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Since there is not yet a fully developed S4 theory, we have to make predictions based on fairly general observations.  One of the most interesting predictions would be that electromagnetism is not a $U(1)$-gauge theory.  This is a natural prediction that comes from the observation that if we model the physical universe as a hypersurface of $S^4(1/h)$ (at any instance of time) then the normal geodesics are circles of fixed length $1/\bar{h}$.  But the ambient space is $S^4(1/h)$ rather than the total space of a principal circle bundle.  Mathematically the natural solution is to describe electromagnetism via a 1-form $A$ on $S^4(1/h)$ and the electromagnetic field strength as $F=dA$ just as one would in principal circle-bundle.  The resulting ‘electromagnetism’ is not a $U(1)$-gauge theory.  To get a geometric reason, consider uniform gauge transformations along the circle.  Such gauge transformations lead to deformations of the hypersurface $M$.  Since normal circles from different points of $M$ can intersect, intuitively gauge invariance would be possible for a restricted set of $A$.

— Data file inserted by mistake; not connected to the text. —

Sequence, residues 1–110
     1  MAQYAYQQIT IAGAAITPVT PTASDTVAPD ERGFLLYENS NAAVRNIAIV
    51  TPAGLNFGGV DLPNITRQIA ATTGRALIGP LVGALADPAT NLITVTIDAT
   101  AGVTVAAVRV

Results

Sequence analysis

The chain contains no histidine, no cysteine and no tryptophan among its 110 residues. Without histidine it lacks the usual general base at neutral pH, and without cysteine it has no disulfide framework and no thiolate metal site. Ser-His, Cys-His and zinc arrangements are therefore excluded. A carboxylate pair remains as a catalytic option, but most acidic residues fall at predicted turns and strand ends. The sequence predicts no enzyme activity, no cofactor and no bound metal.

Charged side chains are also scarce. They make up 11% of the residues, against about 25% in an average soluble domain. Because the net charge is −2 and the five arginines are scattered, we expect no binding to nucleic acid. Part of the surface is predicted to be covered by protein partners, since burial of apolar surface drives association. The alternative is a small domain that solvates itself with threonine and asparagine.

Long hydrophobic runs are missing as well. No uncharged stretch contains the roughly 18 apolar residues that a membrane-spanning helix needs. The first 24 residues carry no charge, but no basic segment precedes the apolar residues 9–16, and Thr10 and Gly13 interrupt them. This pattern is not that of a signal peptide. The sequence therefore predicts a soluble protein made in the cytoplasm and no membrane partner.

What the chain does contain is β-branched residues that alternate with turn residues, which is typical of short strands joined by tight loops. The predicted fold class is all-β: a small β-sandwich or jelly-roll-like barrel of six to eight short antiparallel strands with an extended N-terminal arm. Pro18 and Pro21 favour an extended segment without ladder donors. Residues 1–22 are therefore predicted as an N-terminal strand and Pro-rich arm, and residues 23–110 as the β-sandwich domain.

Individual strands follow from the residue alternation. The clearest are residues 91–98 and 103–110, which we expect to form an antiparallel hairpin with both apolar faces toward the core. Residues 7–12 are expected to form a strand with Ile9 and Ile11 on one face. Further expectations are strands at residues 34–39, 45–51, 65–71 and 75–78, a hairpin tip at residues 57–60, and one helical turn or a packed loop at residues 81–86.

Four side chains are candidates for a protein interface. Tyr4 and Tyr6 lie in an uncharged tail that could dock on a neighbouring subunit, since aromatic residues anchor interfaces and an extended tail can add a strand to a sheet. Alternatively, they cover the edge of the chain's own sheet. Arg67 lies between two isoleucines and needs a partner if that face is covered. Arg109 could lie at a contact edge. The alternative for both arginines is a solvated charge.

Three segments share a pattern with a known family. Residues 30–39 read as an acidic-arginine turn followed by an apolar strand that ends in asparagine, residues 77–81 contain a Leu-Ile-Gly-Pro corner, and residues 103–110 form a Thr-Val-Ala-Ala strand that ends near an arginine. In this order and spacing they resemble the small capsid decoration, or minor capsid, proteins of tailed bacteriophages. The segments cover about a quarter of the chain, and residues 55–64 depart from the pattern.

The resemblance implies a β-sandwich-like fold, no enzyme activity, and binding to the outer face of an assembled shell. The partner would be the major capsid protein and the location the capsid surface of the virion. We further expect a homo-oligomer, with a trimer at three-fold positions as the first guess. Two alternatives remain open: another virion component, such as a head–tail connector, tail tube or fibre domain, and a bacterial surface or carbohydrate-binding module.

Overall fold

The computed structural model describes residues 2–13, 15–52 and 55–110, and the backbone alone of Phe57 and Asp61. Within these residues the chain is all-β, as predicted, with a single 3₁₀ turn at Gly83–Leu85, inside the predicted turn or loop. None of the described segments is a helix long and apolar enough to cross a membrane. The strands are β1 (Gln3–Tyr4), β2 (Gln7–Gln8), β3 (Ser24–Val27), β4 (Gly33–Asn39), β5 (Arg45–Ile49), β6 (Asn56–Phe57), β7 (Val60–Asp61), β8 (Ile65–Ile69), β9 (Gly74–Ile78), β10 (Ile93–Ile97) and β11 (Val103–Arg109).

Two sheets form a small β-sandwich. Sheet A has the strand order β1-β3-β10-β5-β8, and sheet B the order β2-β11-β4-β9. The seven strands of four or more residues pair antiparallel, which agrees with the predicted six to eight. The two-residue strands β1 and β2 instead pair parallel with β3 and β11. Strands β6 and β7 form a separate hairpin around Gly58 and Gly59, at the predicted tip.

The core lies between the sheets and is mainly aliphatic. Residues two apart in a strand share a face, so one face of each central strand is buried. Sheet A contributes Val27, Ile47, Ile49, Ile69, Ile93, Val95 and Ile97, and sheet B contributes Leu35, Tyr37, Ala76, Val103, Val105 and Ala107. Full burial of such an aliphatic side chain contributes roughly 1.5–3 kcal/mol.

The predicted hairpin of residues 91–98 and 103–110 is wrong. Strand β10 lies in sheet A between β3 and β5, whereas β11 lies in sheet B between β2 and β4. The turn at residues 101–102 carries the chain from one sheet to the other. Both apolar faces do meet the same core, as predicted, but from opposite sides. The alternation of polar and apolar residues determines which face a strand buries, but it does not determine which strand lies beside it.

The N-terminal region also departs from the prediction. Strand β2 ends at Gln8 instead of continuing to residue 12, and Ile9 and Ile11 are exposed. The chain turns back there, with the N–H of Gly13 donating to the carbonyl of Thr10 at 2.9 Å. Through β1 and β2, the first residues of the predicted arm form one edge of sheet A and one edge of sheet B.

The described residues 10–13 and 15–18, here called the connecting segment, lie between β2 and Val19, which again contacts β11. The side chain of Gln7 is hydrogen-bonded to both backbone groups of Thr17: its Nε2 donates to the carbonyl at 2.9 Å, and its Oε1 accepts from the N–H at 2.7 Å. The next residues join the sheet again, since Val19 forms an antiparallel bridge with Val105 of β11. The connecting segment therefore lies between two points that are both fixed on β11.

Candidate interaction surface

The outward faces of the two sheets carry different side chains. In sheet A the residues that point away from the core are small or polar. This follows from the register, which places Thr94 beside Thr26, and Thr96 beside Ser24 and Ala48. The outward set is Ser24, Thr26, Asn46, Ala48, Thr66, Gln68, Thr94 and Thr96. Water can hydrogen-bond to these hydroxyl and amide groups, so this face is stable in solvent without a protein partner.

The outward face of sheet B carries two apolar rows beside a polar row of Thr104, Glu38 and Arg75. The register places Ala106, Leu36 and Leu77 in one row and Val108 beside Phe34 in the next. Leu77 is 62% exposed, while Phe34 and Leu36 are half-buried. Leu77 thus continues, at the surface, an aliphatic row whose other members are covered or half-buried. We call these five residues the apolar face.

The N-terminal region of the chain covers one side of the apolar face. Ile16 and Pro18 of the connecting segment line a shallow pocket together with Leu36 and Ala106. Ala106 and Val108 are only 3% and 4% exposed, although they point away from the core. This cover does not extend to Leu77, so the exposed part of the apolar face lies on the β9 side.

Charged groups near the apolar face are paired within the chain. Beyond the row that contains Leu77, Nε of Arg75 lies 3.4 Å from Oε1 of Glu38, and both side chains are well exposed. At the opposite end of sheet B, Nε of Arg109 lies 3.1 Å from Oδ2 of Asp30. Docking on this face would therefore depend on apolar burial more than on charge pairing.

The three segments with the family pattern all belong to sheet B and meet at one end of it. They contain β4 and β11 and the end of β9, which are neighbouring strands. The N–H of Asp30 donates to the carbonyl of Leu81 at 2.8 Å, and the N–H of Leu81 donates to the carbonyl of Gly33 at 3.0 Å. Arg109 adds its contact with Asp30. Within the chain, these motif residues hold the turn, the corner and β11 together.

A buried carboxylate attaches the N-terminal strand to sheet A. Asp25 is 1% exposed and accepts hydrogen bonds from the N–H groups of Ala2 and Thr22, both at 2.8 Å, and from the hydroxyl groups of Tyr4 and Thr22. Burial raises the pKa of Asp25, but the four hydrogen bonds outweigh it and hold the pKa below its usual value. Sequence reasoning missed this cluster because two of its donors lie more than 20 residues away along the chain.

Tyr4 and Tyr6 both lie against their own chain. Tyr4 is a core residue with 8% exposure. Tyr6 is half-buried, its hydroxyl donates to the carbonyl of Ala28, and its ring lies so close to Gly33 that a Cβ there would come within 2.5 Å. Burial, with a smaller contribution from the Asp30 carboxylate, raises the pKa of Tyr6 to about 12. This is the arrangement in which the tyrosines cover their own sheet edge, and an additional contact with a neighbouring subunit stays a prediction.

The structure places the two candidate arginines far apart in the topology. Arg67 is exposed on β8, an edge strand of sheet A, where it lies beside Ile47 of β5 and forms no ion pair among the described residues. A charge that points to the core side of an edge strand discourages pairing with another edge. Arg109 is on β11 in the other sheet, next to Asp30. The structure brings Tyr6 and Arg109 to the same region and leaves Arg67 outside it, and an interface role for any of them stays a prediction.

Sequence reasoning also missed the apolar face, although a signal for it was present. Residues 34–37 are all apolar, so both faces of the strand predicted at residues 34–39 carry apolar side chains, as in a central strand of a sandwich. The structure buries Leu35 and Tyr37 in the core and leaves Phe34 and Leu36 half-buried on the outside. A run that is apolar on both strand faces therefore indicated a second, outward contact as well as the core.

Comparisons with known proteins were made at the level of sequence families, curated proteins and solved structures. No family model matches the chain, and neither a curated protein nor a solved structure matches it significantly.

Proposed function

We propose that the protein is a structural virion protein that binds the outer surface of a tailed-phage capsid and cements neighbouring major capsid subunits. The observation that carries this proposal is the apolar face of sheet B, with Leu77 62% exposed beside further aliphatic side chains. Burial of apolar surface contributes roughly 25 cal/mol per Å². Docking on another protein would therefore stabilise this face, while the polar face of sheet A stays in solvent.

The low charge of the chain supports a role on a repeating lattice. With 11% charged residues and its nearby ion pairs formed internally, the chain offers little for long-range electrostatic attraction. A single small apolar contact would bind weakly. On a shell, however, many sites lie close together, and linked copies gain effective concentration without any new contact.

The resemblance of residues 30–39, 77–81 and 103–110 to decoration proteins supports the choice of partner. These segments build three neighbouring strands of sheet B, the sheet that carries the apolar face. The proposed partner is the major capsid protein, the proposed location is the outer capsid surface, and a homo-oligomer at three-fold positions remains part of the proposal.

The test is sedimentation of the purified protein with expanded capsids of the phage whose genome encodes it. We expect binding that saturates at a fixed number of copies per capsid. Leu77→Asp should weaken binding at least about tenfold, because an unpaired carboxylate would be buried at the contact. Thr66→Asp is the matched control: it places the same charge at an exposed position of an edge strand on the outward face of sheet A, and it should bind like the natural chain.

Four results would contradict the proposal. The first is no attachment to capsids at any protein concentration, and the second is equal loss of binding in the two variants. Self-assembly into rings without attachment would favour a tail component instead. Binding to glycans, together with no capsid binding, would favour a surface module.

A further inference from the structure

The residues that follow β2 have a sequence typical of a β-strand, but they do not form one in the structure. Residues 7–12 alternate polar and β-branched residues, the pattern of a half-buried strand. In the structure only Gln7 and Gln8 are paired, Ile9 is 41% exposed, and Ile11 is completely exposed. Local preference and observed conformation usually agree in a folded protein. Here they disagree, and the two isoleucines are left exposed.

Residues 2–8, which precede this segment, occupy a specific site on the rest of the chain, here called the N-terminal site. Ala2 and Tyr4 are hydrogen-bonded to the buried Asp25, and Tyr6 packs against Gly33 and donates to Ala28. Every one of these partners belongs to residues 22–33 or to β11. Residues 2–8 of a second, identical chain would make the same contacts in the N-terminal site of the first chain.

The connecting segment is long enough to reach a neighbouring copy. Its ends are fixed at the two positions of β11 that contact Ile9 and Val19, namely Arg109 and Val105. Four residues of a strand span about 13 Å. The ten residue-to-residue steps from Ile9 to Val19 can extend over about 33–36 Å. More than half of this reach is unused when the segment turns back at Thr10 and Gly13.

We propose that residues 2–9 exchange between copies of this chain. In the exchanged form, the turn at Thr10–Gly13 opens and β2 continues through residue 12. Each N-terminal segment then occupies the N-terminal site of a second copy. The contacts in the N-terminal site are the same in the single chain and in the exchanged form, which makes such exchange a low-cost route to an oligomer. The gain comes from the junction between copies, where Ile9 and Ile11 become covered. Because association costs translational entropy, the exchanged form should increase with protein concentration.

The prediction of non-gauge invariance of electromagnetism is vague at the moment but the serious issue that must be resolved simultaneously is what four dimensional electromagnetism will mean concretely for empirical experience in the actual physical universe.  The issue is complicated by the fact that the fundamental reason a universe that has four macroscopic spatial dimensions is experienced by us as steady and three dimensional suggests that electromagnetism is a four-dimensional phenomena which we might be experiencing as a ‘$U(1)$-invariance.  In other words, there might be no ‘auxiliary $U(1)$-bundle’ for electromagnetism beyond $S^4(1/h)$.